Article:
Copernicus is the dominant crater in this quadrant. It's just south of the Carpathians. This crater is nearly 100 kilometers in diameter and a telescope shows its walls are terraced and, instead of a central peak, it has a complex mountain group of its own! During a Full Moon Copernicus' rays are the dominant feature in the Northern Hemisphere.

At the far western end of the Apennines is Eratosthenes, about half the size of Copernicus, with a high central peak and tall walls (seen with a good telescope).

On the other side of Copernicus is Kepler, a small (35 kilometer diameter) crater with a very bright ray system of its own. Plato makes a significant dent (about 100 kilometers in diameter) into the eastern side of the Plato Uplands. It has a large walled plain of dark gray that makes it obvious, even during a Full Moon. Archimedes is slightly smaller than, and south of, Plato in Mare Imbrium. Its walled plains are obvious with a telescope. Just to the northeast of Archimedes (and also visible in our first quadrant images) are two smaller but distinct craters, Aristillus and Autolycus. Pythagoras crater is north of the Plato Uplands and it is so far north that it looks like an ellipse because the angle is so steep. But that angle also tends to bring out its best features (including a central peak, if you have a telescope). Aristarchus is a small (37 kilometer diameter) crater in Oceanus Procellarum with nice walls and central peak made of a highly reflective material that makes this crater the brightest crater on the Moon. (That doesn't count rays. Many other craters have brighter rays.)

Sometimes the Earthshine (sunlight reflected off the Earth) can slightly illuminate Aristarchus while it is still in shadow causing some folks to think they have discovered an active volcano on the Moon!

The southwest has more highlands than mare but some very nice maria are still found here. The largest mare here is Mare Nubium (Sea of Clouds) which lies smack in the center of this quadrant. Near its eastern side, and visible in a good telescope, runs the "straight wall" which is actually a fault line - the western side of the mare has fallen about 300 meters and the shadow it produces gives the illusion of a straight wall. West of Nubium is Mare Humorum (Sea of Humors). Oceanus Procellarum spills across the equator and into this quadrant. Much of the area is full of mountains, especially along the western rim. The Riphaean range borders the western side of Mare Nubium.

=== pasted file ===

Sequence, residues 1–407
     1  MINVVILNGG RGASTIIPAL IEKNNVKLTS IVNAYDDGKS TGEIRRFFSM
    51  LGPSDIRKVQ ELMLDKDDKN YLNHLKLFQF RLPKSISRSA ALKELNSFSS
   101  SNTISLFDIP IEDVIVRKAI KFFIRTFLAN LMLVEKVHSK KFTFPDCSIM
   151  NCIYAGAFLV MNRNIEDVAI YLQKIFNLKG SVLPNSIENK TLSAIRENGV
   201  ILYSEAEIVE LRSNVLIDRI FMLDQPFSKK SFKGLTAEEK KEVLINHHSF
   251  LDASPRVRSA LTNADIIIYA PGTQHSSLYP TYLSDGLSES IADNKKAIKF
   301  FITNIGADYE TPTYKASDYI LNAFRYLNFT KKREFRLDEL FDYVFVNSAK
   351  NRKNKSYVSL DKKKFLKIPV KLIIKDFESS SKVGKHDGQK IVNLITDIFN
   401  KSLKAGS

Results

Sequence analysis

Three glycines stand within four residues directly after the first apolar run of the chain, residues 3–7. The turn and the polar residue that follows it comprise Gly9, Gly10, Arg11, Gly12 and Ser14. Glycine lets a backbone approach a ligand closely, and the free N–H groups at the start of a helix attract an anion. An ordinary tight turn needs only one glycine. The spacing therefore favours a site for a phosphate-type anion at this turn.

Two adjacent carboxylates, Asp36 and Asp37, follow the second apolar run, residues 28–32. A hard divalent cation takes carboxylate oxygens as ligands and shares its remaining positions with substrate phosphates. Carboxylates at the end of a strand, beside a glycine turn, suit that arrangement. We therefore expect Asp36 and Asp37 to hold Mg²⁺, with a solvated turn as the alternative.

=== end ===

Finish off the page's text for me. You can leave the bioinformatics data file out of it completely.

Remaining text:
The southern hemisphere is so dominated by highlands that it is difficult to pick out specific craters, but some just have to be mentioned. Tycho is about 80 kilometers wide but it is the dominant crater in this area because during a Full Moon its rays seem to spread into all four quadrants!

South of Tycho and close to the southern edge is the gigantic (230 kilometer wide) crater called Clavius. Its walls are over 4 kilometers tall so, when the terminator is near, this crater can be seen with the naked eye. Walter and Ptolemaeus are dark floored, walled plains craters at each end of a chain of craters that form a prominent group to the east of Nubium. Probably the darkest looking crater in this quadrant is Grimaldi at the far west edge near the Lunar Equator.

The southeast quadrant is also made up mostly of highlands.

Mare Foecunditatis (Sea of Fertility), which starts in the north east quadrant, continues down the south east side of the Moon. To the west are the Pyrenees Mountains and west of them lies Mare Nectaris (Sea of Nectar). On the extreme southeast edge is Mare Australe (Sea of the South).

To the west of Mare Nectaris are three obvious craters. Theophilus is very deep with peaks rising 4.4 kilometers. It overlaps Cyrillus to its south, and farther south is Catharina. Piccolomi has very high walls which produce a striking relief when the terminus is near. This crater marks the beginning (or the end) of the Altai Scarp - not labeled in the photo but it's obvious running north towards Catharina. To the east of Mare Foecunditatis is the crater Langrenus which has walls about a kilometer high and two peaks near its center. During a Full Moon this crater is nothing more than a bright smear on the Moon.

What about all those other things?

There are many (MANY) features on the Moon that you could spend years learning all about, but all I am trying to do in this lesson is to introduce you to some of the Moon's most obvious features. With the naked eye you will be able to see only the larger maria and a few of the most brilliant craters. I've thrown in a few other features just to remind you that the Moon has plenty to offer someone with binoculars or a telescope.

Get outside and have a look at the Moon as it goes through its phases and as its terminator brings the different features into view. You don't need magnification but if you can borrow some binoculars you will see wonderful sites.

See you next month.
Wishing you "Clear Skies".
Jamie (Dr Love)

Principles of Astronomy is copyright protected, is the sole property of the author (Dr Jamie Love © 1997 - 2011) and is sold exclusively by Merlin Science. Any form of reproduction by any media is strictly forbidden.
In this sample, only the first quarter of the course is available. The remaining section are included in the complete hypertextbook, which does not have the advertisements displayed here in this sample. To learn more about the course and hypertextbook, visit the Principles of Astronomy website.